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Monkey "Pay-Per-View" Study Could Aid Understanding of Autism

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Duke Health News 919-660-1306

DURHAM, N.C. -- Researches have found that monkeys will "pay" juice
rewards to see images of high-ranking monkeys or female hindquarters.
They say their research technique offers a rigorous laboratory approach
to studying the "social machinery" of the brain and how this machinery
goes tragically awry in autism -- a disease that afflicts more than a
million Americans and is the fastest growing developmental disorder.

In
an article published early online by the journal Current Biology, Duke
University Medical Center neurobiologists Michael Platt, Robert Deaner
and Amit Khera describe experiments in which they gave male rhesus
macaque monkeys juice rewards for glancing at either a neutral target
on a computer screen or images of other monkeys. By systematically
varying the juice rewards and the images -- including a gray square,
higher-ranking or lower-ranking monkeys and female hindquarters -- the
researchers could precisely measure how much reward a monkey would
"pay" to see which images.

The researchers found that the
monkeys would forego a significant amount of reward to see an image of
a higher-ranking monkey or of female hindquarters. In contrast, the
monkeys had to be "paid" more juice to view lower-ranking monkeys.

The
research was sponsored by The National Institute of Mental Health and
the Cure Autism Now Foundation. It will be published in the March 2005
issue of Current Biology

The aim of the study, said Platt, was
to bring into a controlled laboratory setting the kinds of social
judgments that monkeys were observed to make in the wild.

"Decades
of studies of monkeys in the wild have indicated that they act as if
they make judgments about dominance rankings and of the importance of
other individuals for their own reproductive success," said Platt. "But
there have been no real quantitative experimental demonstrations that
monkeys actually process this information and use it in
decision-making.

"More broadly, it's important to understand
how the brain processes social information and uses it to make
decisions," said Platt. "Historically, the problem of understanding
social cognition, social evaluation and its neural basis has been a
slippery one. And in part that's because scientists haven't been able
to bring to bear the methods of experimental psychophysics to
understand these phenomena.

"So, our approach, in which we ask
the monkeys to, in a sense, put a number on how much juice they'd be
willing to 'spend' to see a particular individual gives us an
invaluable experimental system to explore the neural wiring that
underlies social cognition."

Intriguingly, said Platt, the
monkeys were not living in a colony where physical interactions could
contribute to establishing dominance hierarchies or sexual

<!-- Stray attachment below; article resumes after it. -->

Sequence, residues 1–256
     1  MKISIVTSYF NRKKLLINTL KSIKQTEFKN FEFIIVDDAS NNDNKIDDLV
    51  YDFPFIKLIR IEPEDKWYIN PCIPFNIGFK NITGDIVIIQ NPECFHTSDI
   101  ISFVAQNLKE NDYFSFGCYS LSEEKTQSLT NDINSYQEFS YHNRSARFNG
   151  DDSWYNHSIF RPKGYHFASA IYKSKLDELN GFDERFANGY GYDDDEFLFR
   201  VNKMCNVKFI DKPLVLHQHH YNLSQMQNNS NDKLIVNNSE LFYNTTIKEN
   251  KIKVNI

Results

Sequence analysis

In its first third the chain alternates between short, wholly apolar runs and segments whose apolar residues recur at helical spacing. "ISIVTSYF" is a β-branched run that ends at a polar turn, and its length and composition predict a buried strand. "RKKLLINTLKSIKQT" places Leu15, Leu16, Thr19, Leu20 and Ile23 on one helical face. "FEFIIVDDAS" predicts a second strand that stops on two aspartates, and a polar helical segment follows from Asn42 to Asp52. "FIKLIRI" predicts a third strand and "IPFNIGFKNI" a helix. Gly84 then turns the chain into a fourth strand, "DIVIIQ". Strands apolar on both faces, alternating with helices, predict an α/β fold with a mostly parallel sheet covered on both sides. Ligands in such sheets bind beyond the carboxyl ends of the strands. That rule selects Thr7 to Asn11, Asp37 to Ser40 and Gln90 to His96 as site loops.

relationships. "So, somehow, they are getting this information by
observation -- by seeing other individuals interact," he said.

Such
findings indicate that the researchers' methods could offer rich
scientific dividends in understanding perception and the brain's social
machinery, said Platt. This knowledge can likely be applied to human
neural social machinery, he said.

"At the moment, it's only a
tantalizing possibility, but we believe that similar processes are at
work in these monkeys and in people. After all, the same kinds of
social conditions have been important in primate evolution for both
nonhuman primates and humans. So, in further experiments, we also want
to try to establish in the same way how people attribute value to
acquiring visual information about other individuals."

If such
parallels exist, said Platt, electrophysiological, genetic and
molecular studies of monkeys in such laboratory situations could yield
important insight into the social machinery of the brain. Platt and his
colleagues have already begun exploring the neural pathways in monkeys
that govern the decision about shifting gaze to look at a target
assigned a specific reward value.

Such studies could prove
extremely important in understanding how the brain's social machinery
malfunctions in autism, said Platt.

"One of the main problems
in people with autism is that they don't find it very motivating to
look at other individuals," he said. "And even when they do, they can't
seem to assess information about that individual's importance,
intentions or expressions.

"So, what we now have with these
monkeys is an excellent model for how social motivation for looking is
processed in normal individuals. And, it's a model that we can use to
explore the neurophysiological mechanisms of those motivations in a way
we can't do in humans. For example, we can use drugs that affect
specific neural processes to explore whether we can mimic some of the
deficits found in autism in these animals."

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